And I agree with your review regarding design. Sennheiser really need to come up with a new cable that eliminates cable noise.
I don't understand the people who say the in-ears clearly was designed for a straight down fit. That will create massive massive cable noise and the distance between in-ear and cable split is perfect for an around the ear fit.
I'm not really into IEM's but thanks for the comprehensive review, flaws like these are inexcusable at this price point, Sennheiser must think people will pay a ridiculous premium for just about anything as long as it bears their name...same as with their new branded headphone cables.
@ Xenphon, don't forget the Momentum series!! :< wrost sen headphone i ever bought... 
Thanks Xenophon. It's a shame too because I really did like the sound, listening in a quiet room (it's now "wow" sound, but it was good for an IEM).
Okay, so I recieved my T500 Comply tips from a few weeks ago to test it on my IE800.  I've got to say, it actually got rid of the isolation problem in this IEM.  The only minor problem seemed to be the fact that these tips can't snap on like the stock tips due to the nozzle shape, so for some people (didn't happen to me), the tips may end up staying inside your ear if you take the IEMs out, but that isn't really a big deal.  So when it came to sound isolation, it blocked out the sound fairly well like many sound isolating IEMs that I've tried, and I don't think I detected any sacrifice in the sound quality in the IE800 either with the Comply tips.
 
At this point, although I no longer find it necessary to be wearing the IE800 over my ear, it greatly reduces the cable noise.  But for now, I'll be waiting for Sennheiser to make a microphonics-free cable that's actually long, and I'll also be waiting for Comply to make a sound isolating tip exclusive for the IE800.  However, while I'm waiting, using the T500 tips and wrapping the cable around my ear will help me forget about the flaws about the Sennheiser IE800....for now.
Did you notice my edit about how I tried everything I could to get the HD800 cable to make noise, and I couldn't get it to make even the tinyest bit of microphonics? I don't understand why Sennheiser can't just do whatever it did with the HD800 cable to the IE800.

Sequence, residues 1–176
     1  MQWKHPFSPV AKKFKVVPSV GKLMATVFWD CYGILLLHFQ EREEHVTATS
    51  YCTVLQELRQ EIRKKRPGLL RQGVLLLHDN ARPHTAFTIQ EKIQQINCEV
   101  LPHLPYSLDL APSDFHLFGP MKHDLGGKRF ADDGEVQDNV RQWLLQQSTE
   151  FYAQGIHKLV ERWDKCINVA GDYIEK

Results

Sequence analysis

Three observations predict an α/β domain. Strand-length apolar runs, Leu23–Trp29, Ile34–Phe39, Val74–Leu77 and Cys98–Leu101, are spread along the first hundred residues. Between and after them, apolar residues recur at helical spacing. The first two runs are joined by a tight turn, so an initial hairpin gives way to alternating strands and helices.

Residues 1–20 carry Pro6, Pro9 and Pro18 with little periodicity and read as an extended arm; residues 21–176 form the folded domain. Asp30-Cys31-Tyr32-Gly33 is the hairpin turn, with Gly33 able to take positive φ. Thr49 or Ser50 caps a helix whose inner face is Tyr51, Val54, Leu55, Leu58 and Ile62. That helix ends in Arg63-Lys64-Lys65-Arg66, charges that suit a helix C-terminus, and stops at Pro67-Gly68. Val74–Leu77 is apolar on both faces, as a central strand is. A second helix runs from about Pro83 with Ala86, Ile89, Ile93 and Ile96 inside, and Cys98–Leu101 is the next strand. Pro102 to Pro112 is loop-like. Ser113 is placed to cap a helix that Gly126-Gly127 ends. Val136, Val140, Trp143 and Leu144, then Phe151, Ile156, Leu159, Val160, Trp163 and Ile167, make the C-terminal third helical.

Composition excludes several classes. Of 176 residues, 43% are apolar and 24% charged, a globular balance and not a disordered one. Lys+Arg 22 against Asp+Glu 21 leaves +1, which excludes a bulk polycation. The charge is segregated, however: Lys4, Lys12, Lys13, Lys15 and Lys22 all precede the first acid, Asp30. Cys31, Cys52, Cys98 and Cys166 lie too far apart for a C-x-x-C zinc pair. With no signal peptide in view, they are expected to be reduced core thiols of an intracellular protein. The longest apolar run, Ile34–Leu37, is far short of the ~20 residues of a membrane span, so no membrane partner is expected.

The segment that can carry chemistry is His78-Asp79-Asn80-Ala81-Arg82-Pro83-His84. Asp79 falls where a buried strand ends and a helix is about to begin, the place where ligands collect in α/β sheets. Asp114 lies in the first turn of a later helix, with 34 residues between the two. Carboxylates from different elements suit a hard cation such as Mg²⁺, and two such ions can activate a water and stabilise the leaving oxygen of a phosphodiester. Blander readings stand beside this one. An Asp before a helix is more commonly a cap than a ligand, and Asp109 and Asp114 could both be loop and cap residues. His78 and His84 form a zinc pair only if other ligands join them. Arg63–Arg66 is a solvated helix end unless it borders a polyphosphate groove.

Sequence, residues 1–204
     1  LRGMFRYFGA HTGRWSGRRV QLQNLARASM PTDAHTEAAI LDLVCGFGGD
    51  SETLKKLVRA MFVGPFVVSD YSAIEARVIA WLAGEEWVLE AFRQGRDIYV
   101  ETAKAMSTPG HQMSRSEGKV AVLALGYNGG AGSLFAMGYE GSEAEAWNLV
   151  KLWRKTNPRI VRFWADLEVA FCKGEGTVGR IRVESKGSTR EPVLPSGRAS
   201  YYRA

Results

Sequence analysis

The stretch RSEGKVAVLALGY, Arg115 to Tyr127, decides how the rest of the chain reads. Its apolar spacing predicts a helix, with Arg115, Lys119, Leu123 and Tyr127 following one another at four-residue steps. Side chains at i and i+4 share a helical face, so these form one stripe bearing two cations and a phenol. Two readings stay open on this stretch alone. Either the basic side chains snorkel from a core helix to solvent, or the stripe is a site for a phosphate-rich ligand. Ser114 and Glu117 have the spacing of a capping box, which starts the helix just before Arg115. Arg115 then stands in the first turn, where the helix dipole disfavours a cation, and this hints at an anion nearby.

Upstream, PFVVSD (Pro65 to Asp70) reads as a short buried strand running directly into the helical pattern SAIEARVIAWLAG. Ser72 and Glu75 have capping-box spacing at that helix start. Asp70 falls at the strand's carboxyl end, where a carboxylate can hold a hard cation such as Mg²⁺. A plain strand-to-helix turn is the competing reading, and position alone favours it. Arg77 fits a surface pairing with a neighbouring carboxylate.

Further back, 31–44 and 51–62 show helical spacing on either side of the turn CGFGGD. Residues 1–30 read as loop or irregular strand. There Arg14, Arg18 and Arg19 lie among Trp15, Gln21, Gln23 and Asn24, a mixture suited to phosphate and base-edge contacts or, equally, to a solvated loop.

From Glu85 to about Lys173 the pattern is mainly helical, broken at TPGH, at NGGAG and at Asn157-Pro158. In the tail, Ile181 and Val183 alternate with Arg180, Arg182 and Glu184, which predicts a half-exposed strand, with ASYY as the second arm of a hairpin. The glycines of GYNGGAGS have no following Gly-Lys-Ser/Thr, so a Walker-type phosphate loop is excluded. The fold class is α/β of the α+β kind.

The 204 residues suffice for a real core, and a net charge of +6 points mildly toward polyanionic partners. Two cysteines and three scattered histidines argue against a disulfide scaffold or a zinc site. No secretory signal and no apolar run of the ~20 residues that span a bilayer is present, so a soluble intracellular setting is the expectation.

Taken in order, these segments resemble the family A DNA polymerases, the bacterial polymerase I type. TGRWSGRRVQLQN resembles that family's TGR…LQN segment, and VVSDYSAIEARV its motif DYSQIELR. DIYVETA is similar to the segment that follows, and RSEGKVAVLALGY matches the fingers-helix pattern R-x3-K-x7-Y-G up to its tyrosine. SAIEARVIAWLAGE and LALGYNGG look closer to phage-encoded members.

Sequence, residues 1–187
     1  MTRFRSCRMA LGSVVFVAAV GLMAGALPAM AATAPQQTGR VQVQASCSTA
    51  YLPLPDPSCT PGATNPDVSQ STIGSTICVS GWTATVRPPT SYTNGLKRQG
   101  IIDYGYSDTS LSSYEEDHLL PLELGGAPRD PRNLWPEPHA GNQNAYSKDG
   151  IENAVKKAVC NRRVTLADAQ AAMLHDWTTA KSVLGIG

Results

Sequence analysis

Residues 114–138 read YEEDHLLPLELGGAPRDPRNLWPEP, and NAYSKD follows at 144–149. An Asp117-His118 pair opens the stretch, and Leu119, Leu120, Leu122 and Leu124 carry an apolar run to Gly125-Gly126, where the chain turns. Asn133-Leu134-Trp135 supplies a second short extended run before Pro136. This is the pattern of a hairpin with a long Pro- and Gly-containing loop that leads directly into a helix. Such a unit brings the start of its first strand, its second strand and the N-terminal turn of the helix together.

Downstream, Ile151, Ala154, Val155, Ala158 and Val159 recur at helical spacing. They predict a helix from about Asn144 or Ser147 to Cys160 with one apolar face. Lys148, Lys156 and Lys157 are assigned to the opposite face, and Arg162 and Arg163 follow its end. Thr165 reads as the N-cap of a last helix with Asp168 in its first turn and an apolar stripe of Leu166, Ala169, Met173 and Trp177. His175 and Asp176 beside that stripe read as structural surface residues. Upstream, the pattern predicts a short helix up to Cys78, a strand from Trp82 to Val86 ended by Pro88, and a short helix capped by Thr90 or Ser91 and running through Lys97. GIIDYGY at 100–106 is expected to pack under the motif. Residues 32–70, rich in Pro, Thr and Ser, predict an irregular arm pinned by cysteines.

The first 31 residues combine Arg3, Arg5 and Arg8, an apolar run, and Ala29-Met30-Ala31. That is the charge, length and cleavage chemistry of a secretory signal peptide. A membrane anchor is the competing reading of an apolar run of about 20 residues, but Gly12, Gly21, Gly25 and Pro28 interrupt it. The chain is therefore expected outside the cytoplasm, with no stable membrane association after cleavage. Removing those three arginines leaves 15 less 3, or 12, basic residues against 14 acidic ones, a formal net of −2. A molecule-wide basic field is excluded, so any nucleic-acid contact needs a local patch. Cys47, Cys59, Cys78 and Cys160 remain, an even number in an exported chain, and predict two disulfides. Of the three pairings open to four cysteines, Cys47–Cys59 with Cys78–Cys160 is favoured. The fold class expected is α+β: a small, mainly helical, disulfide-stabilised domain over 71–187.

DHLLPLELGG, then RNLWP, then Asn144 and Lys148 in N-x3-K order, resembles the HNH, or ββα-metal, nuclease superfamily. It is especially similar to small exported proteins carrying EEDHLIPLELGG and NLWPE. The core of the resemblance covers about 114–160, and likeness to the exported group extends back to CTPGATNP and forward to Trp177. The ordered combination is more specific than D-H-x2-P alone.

If the IE800 solve the isolation and microph issues I might buy it again.
Have you considered the reason why the HD800 might not have cable noise/microphonics is because it 1. has removable cables and a large plug area that dampens cable noise as well as 2. being themselves gigantic in size, which would also dampen noise, and 3. the cables not being in such close contact with your ear canal as with the IE800? The IE800 in comparison is minuscule and has the cable going straight into its tiny ceramic housing with mere millimeters between it and your ear canal (and the driver inside) -- it's a physics nightmare trying to dampen the cable noise when they are so compact! Their 'simple' single driver design unfortunately has the side effect of acting as an unwitting stethoscope.
 
I will certainly agree that an over-the-ear design would've been a smarter choice, but as it stands now, as long as the y-splitter/2.5mm jack is secured (e.g. with lapel clip or wedged behind a shoulder bag strap), there is actually quite minimal cable noise (assuming each L and R cable isn't rubbing against one's collar or similar, above the split). And the cord indeed could do with being a little longer. As for your criticisms of the case, I don't personally see that much utility in carrying multiple tips with you, and indeed Sennheiser isn't forcing you to use their case either! I actually use a padded Audeo soft case which works brilliantly. Anyway, each to their own! :)
Excellent review otherwise, though, by the way :)
http://www.complyfoam.com/ie800/ <<< Comply tips for this. Not sure about the cable. I emailed Senn. See what they say.
sadly that link is for TDK's IE800, not Sennheiser's. Comply don't currently make tips for the Senn IE 800, unforunately.
Whoops. Any word on a different cable though? Maybe one with a mic? The only thing I've seen so far is a ALO modified one which is way too much at $1050.